This Saturday 31st May, I have been invited to talk at the University of Central Lancashire’s ‘Living with Diabetes’, Event. I have 20 minutes in which to talk about my chosen subject ‘hypoglycaemia’, all I can say is that at this time my head is overflowing with ideas and information.
From February 2012 to October 2013, I had the great honour of working within the Diabetes Nursing Team of the Royal Liverpool Hospital on a Hypoglycaemia Project. I have to say I found great pleasure in my work and what we were trying to be achieved. I left just short of two months from collecting the last lot of Prospective data. In my period of notice, I was told I was the only titled ‘Hypoglycaemia Research Nurse’ in the UK and the data I was collecting and collating was mind-blowing.
Due to my loyalty and respect for my colleagues, I am loathed to share any information other than the abstracts I had published for both the Diabetes UK Professional Conference and two abstracts published in the American Diabetes Association ‘Journal of Diabetes’ supplement, one of which I wrote but had presented in another’s name. My silence is because the work is ongoing. All this information is swirling around in my head and I have the unenviable task of sorting it out and putting together for a power point presentation without boring everyone to death.
The main issues I need to share with you, that as Health Professionals in diabetes all know, is that ‘hypos’ are as damaging as high blood sugars. This is why we make such a fuss with regards to driving and night-time hypos, it is not as a way of punishment but it is information required for balance.
Those at risk are those treated with insulin or a sulphonylurea (gliclazide, diamicron, glipizide). Too much insulin will cause hypo and sulphonylureas can cause hypo’s because you are getting the pancreas to produce more insulin. Blood glucose monitoring is important when about to go behind the wheel of the car and prior to bedtime to prevent the most feared night-time hypos.
I realise that as someone living with diabetes you don’t want to own up to hypos, especially severe ones, in case you lose your driving licence but like drink drivers, it is not just you “at risk” but passengers and others on the road. So be sensible.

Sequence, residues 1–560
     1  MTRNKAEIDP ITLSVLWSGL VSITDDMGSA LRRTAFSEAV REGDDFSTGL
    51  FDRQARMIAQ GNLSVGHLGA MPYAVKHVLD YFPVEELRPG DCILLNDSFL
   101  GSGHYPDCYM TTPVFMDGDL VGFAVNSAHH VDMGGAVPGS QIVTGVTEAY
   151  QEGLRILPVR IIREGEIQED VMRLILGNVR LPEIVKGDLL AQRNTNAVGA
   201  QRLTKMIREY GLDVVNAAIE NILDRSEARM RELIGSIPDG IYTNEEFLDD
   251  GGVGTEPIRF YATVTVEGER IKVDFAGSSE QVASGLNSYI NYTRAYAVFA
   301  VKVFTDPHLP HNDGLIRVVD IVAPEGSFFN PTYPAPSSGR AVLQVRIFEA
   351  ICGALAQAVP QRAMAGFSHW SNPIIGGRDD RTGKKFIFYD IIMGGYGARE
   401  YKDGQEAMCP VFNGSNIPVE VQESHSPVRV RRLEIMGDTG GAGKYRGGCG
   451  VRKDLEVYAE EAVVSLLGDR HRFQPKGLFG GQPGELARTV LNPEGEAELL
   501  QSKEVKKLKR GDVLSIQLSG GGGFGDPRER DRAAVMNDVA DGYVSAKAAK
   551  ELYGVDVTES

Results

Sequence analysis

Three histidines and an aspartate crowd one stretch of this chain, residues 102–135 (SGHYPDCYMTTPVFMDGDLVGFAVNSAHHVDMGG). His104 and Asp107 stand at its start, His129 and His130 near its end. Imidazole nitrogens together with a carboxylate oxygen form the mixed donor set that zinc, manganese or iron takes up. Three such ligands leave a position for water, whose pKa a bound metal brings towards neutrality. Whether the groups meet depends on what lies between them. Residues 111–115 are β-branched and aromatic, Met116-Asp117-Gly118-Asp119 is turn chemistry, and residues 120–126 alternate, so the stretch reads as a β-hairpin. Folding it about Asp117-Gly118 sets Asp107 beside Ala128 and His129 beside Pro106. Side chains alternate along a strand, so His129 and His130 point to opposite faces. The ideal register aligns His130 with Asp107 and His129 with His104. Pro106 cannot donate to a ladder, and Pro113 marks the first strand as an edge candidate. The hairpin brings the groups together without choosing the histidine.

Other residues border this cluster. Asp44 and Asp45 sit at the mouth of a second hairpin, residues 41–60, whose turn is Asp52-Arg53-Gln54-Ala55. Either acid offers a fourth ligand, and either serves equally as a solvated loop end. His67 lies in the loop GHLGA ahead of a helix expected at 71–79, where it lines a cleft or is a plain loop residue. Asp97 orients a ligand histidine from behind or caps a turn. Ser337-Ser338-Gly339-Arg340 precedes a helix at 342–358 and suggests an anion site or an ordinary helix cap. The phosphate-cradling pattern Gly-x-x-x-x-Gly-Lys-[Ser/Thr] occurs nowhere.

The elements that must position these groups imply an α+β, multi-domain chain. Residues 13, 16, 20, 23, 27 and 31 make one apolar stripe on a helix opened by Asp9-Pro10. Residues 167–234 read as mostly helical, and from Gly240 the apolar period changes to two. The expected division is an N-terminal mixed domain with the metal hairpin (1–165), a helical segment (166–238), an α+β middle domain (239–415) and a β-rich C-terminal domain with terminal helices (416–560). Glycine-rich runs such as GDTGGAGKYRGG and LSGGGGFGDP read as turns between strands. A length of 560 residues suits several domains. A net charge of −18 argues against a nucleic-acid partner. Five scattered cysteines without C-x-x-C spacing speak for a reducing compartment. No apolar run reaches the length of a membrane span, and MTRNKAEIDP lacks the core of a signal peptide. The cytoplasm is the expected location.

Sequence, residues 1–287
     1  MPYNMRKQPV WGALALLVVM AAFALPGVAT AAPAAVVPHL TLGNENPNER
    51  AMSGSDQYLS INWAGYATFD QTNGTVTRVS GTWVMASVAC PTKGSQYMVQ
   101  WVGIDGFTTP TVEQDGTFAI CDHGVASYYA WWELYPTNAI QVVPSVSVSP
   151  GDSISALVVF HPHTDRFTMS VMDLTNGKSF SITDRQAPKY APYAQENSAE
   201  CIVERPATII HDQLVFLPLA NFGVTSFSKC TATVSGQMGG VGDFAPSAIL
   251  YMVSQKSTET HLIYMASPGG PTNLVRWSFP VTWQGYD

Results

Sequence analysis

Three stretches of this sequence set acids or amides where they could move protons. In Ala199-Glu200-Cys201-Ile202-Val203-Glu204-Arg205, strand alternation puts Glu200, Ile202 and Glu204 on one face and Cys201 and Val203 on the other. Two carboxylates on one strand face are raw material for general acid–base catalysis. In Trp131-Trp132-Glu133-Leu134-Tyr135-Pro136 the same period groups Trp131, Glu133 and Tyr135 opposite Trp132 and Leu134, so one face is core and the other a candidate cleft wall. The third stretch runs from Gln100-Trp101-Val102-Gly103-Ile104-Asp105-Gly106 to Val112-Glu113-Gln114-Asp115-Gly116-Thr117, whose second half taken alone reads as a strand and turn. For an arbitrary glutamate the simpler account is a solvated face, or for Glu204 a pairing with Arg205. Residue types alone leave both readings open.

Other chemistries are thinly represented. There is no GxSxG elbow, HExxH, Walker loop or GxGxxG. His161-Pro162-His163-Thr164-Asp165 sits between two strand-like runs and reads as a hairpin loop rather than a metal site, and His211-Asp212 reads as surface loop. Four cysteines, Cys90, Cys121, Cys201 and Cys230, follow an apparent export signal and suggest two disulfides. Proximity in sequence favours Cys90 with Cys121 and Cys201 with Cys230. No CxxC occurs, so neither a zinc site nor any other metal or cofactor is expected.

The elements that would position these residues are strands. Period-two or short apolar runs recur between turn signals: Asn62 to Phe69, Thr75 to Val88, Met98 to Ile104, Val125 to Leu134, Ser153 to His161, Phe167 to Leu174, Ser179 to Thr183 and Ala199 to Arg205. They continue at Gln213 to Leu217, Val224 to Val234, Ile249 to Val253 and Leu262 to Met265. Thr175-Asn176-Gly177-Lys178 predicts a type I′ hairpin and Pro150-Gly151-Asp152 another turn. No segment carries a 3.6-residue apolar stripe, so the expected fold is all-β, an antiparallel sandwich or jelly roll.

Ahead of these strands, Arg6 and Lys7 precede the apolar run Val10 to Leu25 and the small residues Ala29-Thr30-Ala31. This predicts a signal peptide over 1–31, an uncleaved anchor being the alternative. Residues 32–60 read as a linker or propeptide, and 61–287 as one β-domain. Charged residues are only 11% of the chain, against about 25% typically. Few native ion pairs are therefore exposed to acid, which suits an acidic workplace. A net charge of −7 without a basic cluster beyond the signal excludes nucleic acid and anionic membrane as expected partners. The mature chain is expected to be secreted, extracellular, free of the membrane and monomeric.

If an ambulance is called out because of a severe hypo, please do not refuse to go to a hospital for a check-up – hypos can cause damage.
Health Professionals remember if someone presents regularly with excellent blood sugars in their diary but a raised HbA1c, they could be ‘hypo unaware’ and its the correction of hypo’s that is falsely raising the HbA1c.
I had a man present at my GP consultation upset because a health professional had all but said his blood sugars were false and raised his insulin. On asking if he had ‘hypo’s’ he said ‘No!’ his wife said ‘Yes!’ and at the same time every day. His insulin reduced, his blood sugars remained within target and so did his HbA1c. His hypo’s stopped.
Another lady, I had known for a long time a real character, type 1 diabetes and on occasions had given us Diabetes Nurses the runaround but years later at a 1-2-1 session discussing hypo’s she had never been told that hypos were as harmful as high blood sugars.
I have a thing about older people who live alone, who get up in the middle of the night to the toilet. I know its within guidance now but I always allow for the HbA1c to run a little higher and blood sugars, especially at night, to prevent hypos and keep them safe. All about balance.
Glucagon does not work on older people with type 2 diabetes on sulphonylureas and makes their recovery time from a severe hypo longer.
Sorry if this feels like doom and gloom, it isn’t all bad with diabetes but I just needed to let this out.
Need any further information take a look at Diabetes UK website.
Be safe and have fun.